“Betsy,” he said, offering his hand.
“My name. Betsy.”
I shook the hand. Beefy. “Nice to meet you…um… Betsy.”
“Like Betsy Ross. My name’s Ross Crosby. Everybody just calls me Betsy.”
“I useta play fullback at UNC.”
UNC as in University of North Carolina? Damn.
“Got kicked out. Broke a guy’s neck. It was a accident.”
“Oh. I’m glad you’re on my team.”
“So was he.”
“Call me Carlos. Oh, is McDonald’s okay with you?”
“I like their Filet-o-Fish. It doesn’t taste like fish at all.”
I couldn’t see his expression well enough to know whether or not he was joking.
“So I asked her, ‘What time do you get off?’ She said, ‘Seven o’clock.’ So I said, ‘Can I watch?’”
Number one, it is always a fumble. The ground can cause a fumble. If you don’t like it, hang on to the damn ball.
Number two, there is no such thing as forward progress. The ball is down where you land. If you don’t like it, don’t get knocked backward.
Number three, there is no such thing as pass interference. If you don’t like a defender hitting you, hit him back.
Number four, there is no such thing as roughing the passer. He’s a football player, dammit, and he can hit back.
“I told the girl, I don’t want your virginity, I just want the box it came in.”
I sighed. “You – dammit you don’t even have a scratch on you.”
“Some guys don’t fight so well when they’re naked.”
“God said don’t read my blog. Adam said where is it? God said I AM dot com but don’t read it. But Adam and Eve read it, so he kicked them out of Eden where the Wi-Fi was.”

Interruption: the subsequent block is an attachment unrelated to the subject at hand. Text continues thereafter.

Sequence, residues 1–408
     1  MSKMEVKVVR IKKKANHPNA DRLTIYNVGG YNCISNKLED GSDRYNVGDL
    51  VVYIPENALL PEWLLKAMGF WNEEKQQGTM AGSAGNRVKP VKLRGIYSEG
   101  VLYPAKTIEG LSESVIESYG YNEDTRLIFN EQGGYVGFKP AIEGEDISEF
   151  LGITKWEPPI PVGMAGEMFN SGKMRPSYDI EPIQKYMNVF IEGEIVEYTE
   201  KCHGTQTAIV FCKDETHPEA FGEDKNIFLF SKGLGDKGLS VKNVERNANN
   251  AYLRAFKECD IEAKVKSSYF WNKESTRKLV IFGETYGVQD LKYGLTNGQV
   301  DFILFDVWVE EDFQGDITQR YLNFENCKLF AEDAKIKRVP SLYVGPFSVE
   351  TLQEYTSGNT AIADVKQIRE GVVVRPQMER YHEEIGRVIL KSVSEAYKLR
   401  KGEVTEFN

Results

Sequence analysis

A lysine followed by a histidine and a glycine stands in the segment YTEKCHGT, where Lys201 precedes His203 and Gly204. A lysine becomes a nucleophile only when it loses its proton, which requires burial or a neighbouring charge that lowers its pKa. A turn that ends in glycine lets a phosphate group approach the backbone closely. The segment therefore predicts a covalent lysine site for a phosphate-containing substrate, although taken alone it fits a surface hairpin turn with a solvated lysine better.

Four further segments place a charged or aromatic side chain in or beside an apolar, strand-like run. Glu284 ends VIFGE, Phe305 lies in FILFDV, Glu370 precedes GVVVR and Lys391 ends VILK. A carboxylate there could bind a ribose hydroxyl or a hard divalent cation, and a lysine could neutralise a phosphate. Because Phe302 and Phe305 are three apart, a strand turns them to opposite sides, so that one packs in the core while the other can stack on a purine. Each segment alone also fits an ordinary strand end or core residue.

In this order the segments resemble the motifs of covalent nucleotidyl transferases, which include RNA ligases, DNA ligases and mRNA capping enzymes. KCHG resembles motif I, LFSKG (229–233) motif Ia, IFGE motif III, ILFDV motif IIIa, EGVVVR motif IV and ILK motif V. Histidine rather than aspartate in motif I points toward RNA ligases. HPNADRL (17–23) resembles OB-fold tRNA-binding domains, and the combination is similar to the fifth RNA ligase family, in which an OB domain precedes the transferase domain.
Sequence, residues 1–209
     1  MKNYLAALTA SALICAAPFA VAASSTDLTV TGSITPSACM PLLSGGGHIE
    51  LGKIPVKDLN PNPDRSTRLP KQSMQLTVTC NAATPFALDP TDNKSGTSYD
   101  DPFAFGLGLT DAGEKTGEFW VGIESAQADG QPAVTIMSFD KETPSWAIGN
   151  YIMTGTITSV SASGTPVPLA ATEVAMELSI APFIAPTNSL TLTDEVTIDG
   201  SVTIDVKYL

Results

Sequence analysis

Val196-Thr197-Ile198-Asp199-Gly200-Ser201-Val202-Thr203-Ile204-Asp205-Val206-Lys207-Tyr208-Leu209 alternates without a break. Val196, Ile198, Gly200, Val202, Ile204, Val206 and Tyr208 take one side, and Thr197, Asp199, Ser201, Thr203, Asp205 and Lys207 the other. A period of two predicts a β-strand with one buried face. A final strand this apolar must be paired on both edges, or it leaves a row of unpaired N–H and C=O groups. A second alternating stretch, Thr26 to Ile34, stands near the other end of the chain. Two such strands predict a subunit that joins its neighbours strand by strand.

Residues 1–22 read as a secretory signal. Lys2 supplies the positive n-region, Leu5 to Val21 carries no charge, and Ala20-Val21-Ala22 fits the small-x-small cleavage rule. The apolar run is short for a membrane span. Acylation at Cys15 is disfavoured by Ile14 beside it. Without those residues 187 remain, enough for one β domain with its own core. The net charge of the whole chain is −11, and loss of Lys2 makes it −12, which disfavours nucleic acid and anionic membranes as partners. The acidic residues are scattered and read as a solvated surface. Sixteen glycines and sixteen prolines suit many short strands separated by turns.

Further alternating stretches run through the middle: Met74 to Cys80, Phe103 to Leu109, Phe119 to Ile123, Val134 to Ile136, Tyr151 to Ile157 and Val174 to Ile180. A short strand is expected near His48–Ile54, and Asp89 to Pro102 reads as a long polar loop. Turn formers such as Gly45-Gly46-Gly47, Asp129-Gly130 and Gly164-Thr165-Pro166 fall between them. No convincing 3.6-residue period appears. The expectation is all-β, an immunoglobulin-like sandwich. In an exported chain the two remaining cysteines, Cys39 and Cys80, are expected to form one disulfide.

“What’s that got to do with football?” Marcel asked.
“Not a damn thing. Let’s go out there and kick some ass.”
I grabbed my helmet amidst all the macho boo-ya shouting and we stormed the field.
“Kirk,” said Kent as we ran, “did Adam and Eve get to keep the Apple?”
Betsy turned and aimed low, clipping Barney’s knees from behind, at the same moment that I charged at a spot slightly to Barney’s left and threw out my left arm in a stiff clothesline.
At the moment that I stopped the forward progress of Barney’s head and shoulders, Betsy send his legs flying forward. Barney flipped until he was parallel to the ground, then landed hard on his back.
That, in case you wondered, is the Hucklebuck. It’s dangerous, immoral, and quite illegal. Some backyard childhood shit.
I nodded. “Is this your first cast?”
“Yeah. You ever break any bones?”
“None of my own.”
“Do you know what Deng Xiaoping said about this?” I asked.
“No,” said Stephen, “I do not know what Deng Xiaoping said about this.”
“It doesn’t matter whether it is a white man or a black man. If it catches footballs, it is a good man.”
“Deng Xiaoping never said that.”
“Well, he would have if he’d played football.”
“Okay,” I decided, “I can do a speech. Some of y’all have heard me talk about vipassana. You know, mindfulness.”
I had to stop for a few groans.
“Vipassana. Mindfulness. Focusing on nothing but right here, right now, no future, no past, just now, like Cesar Milan’s dogs, living in the now. When we take the field against a bunch of cops and make them our bitches, think vipassana football. Feel every hit. Smell every stink. Focus all your attention on right here, right now. This is football, man. It’s life, it’s football, it’s the most fun you’re ever going to have.”
“What about fucking?” Tater asked.
“It doesn’t last 60 minutes. Football, gentlemen, is what it’s all about. Feel it!”
This book is free from Monday June 3 through Friday June 7.